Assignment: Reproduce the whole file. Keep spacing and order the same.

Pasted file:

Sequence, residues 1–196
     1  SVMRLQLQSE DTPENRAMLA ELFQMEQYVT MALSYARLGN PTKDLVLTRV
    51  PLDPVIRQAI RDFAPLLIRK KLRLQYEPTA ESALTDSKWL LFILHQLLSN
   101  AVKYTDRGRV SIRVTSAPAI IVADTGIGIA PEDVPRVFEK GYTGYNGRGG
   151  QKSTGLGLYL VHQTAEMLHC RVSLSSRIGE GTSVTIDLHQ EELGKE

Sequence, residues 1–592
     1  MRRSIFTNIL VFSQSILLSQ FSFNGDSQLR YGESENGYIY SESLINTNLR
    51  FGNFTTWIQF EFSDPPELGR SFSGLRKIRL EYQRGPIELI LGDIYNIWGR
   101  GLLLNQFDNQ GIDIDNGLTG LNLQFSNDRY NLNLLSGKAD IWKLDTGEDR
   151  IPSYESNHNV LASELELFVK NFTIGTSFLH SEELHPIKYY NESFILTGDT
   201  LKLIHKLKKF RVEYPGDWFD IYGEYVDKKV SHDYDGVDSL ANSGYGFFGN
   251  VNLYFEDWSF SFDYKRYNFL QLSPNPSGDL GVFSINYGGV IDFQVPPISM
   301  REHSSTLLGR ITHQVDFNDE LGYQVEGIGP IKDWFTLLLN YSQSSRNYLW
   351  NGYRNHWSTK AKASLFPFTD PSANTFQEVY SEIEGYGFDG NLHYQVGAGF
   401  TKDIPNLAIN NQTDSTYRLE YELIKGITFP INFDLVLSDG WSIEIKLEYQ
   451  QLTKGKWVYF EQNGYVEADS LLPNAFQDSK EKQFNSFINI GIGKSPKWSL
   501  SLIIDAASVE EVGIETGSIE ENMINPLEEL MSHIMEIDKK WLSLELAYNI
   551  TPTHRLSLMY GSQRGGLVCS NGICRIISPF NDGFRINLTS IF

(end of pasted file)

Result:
Sequence, residues 1–196
     1  SVMRLQLQSE DTPENRAMLA ELFQMEQYVT MALSYARLGN PTKDLVLTRV
    51  PLDPVIRQAI RDFAPLLIRK KLRLQYEPTA ESALTDSKWL LFILHQLLSN
   101  AVKYTDRGRV SIRVTSAPAI IVADTGIGIA PEDVPRVFEK GYTGYNGRGG
   151  QKSTGLGLYL VHQTAEMLHC RVSLSSRIGE GTSVTIDLHQ EELGKE

Sequence, residues 1–592
     1  MRRSIFTNIL VFSQSILLSQ FSFNGDSQLR YGESENGYIY SESLINTNLR
    51  FGNFTTWIQF EFSDPPELGR SFSGLRKIRL EYQRGPIELI LGDIYNIWGR
   101  GLLLNQFDNQ GIDIDNGLTG LNLQFSNDRY NLNLLSGKAD IWKLDTGEDR
   151  IPSYESNHNV LASELELFVK NFTIGTSFLH SEELHPIKYY NESFILTGDT
   201  LKLIHKLKKF RVEYPGDWFD IYGEYVDKKV SHDYDGVDSL ANSGYGFFGN
   251  VNLYFEDWSF SFDYKRYNFL QLSPNPSGDL GVFSINYGGV IDFQVPPISM
   301  REHSSTLLGR ITHQVDFNDE LGYQVEGIGP IKDWFTLLLN YSQSSRNYLW
   351  NGYRNHWSTK AKASLFPFTD PSANTFQEVY SEIEGYGFDG NLHYQVGAGF
   401  TKDIPNLAIN NQTDSTYRLE YELIKGITFP INFDLVLSDG WSIEIKLEYQ
   451  QLTKGKWVYF EQNGYVEADS LLPNAFQDSK EKQFNSFINI GIGKSPKWSL
   501  SLIIDAASVE EVGIETGSIE ENMINPLEEL MSHIMEIDKK WLSLELAYNI
   551  TPTHRLSLMY GSQRGGLVCS NGICRIISPF NDGFRINLTS IF